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Cache jQuery’s JSONP Calls

by arlo on June 16th, 2013 

This post assumes your server already responds with proper Expires and Cache headers.

Short Answer

You have to set both cache:true and jsonpCallback MUST be a string, e.g. jsonpCallback:'myCallback'

$.ajax({
    url           : 'http://domain.com/api/getItems',
    // cache must be true
    cache         : true,
    // Caveat - jsonpCallback MUST be a string
    jsonpCallback : 'myCallback',
    dataType      : 'jsonp',
    data          : { itemId:123 }
});

Long Answer

First off, if you are not familiar with what it takes for you browser to cache a http call please read my previous post about browser caching.

Secondly, we must understand exactly what cache and jsonpCallback do to your URLs during jsonp calls.

No Cache and No jsonpCallback

Lets look at our previous example without cache and jsonpCallback enabled.

$.ajax({
    url      : 'http://domain.com/api/getItems',
    dataType : 'jsonp',
    data     : { itemId:123 }
});

With this example your browser will make the following call. Take special notice to the callback=jQuery19107020940016955137_1371398351628 and the _=1371398351629 params inserted into our URL.

http://domain.com/api/getItems?itemId=123&callback=jQuery19107020940016955137_1371398351628&_=1371398351629

Although you do not enable jsonpCallback the param callback is still present.

Incase you do not know how jsonp works, you NEED a callback param so that the serverside script can “wrap” the json in a function which is referred to as “padding”. Hence JSONPadding.

So jQuery created a function behind our backs called jQuery19107020940016955137_1371398351628 and the JSON returned by our server is expected to look something like this: jQuery19107020940016955137_1371398351628( { ..... } );. Notice that our JSON is wrapped [padded] in a function call and the function’s name is “jQuery19107020940016955137_1371398351628″.

Now lets take a look at the mysterious _ (underscore) param. This param is injected by jQuery with the sole purpose of making the URL unique. jQuery decides to insert this when the cache attribute is set to false. Although this http call IS cached by the browser, jQuery guarantees the same URL will not be called twice by setting the _ (underscore) param to a timestamp.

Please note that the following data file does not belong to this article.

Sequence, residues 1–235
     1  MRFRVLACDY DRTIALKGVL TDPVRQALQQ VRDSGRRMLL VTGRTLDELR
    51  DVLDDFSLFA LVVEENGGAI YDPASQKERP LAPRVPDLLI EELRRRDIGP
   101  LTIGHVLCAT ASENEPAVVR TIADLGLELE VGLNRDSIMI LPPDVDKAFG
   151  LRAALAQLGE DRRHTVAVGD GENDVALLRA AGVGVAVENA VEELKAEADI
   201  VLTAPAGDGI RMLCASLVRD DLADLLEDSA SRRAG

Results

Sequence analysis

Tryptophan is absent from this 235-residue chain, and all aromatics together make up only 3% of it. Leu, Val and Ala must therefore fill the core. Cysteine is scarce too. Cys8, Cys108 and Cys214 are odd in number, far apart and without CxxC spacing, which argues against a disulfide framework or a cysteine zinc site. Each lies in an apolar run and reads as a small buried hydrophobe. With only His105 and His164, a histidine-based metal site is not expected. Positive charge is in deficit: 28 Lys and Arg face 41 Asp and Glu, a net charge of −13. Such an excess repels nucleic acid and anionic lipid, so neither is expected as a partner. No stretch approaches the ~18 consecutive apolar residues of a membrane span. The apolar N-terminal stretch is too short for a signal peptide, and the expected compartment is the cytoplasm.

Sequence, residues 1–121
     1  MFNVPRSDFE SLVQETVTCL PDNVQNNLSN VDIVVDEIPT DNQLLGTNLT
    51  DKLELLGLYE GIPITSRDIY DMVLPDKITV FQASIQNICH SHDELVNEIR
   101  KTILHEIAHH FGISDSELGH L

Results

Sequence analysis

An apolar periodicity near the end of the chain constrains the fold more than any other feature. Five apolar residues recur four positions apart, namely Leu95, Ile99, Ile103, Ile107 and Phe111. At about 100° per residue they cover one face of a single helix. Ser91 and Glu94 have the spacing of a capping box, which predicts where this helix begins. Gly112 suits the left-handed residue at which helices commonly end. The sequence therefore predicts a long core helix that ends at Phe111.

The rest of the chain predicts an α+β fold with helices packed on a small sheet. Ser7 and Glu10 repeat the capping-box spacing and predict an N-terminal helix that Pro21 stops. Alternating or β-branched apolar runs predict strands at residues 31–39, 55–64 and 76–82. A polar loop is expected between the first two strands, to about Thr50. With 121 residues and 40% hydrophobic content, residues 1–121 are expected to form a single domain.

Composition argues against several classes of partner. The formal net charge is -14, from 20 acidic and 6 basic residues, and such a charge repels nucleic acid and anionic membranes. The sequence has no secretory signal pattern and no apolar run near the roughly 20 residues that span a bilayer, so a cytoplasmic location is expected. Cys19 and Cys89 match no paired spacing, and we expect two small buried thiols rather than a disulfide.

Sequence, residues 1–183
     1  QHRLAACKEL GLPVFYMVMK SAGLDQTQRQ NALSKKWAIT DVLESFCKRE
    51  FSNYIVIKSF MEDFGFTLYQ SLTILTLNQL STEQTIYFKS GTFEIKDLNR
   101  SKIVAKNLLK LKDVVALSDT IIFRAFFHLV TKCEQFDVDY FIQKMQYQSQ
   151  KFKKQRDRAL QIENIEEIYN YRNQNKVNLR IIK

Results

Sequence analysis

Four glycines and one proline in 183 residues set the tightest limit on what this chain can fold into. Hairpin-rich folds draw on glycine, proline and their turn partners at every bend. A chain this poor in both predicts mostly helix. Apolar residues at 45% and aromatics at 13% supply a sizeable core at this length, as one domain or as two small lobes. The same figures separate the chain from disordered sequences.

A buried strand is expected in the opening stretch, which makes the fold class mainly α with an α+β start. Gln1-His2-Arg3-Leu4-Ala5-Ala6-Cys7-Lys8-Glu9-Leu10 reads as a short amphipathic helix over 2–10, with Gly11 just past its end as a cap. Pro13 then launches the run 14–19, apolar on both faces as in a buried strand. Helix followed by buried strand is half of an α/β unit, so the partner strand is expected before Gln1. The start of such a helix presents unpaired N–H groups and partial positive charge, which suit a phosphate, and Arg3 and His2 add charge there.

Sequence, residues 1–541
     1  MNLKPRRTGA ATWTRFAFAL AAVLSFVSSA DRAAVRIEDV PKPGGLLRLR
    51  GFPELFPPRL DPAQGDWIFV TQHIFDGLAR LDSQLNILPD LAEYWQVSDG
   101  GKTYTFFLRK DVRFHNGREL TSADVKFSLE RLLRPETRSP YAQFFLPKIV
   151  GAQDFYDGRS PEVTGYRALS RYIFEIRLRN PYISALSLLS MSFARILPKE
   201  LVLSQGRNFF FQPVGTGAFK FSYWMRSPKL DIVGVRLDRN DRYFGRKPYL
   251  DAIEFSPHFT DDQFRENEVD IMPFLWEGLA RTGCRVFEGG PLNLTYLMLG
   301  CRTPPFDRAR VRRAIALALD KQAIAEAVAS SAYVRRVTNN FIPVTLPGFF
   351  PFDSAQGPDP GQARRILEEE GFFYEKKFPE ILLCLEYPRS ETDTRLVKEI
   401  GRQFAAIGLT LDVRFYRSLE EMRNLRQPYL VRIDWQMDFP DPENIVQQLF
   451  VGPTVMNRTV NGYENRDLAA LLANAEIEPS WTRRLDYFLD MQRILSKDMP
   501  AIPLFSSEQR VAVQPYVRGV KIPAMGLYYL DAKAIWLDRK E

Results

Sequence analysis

Setting Cache and jsonpCallback

Since we know http calls are cached by the browser we need to make sure we keep calling the same URL to take advantage of our browsers cache.

$.ajax({
    url           : 'http://domain.com/api/getItems',
    cache         : true,
    jsonpCallback : 'myCallback',
    dataType      : 'jsonp',
    data          : { itemId:123 }
});

By setting cache to true we eliminate jQuery’s _ param and by setting jsonpCallback to a string we ensure that the same function name will be used time and time again. The above example creates a http call like the following:

http://domain.com/api/getItems?itemId=123&callback=myCallback

As you can see our string callback was used and our underscore param was eliminated. The next time you make this same jsonp call your browser will recognize this URL and use browser cache instead of actually making the http call.

Make sure you actually have a javascript function called “myCallback”.

You can think of the “myCallback” function as a “success” method. When the jsonp call returns “myCallback” function will receive the JSON.

From → HTTP, Javascript, JQuery

  • http://torkiljohnsen.com Torkil Johnsen

    Your last codeblock seems to have an error: Shouldn’t it be jsonpCallback, instead of just callback?

  • http://www.arlocarreon.com Arlo Carreon

    Right you are! Thanks for the catch, fixed.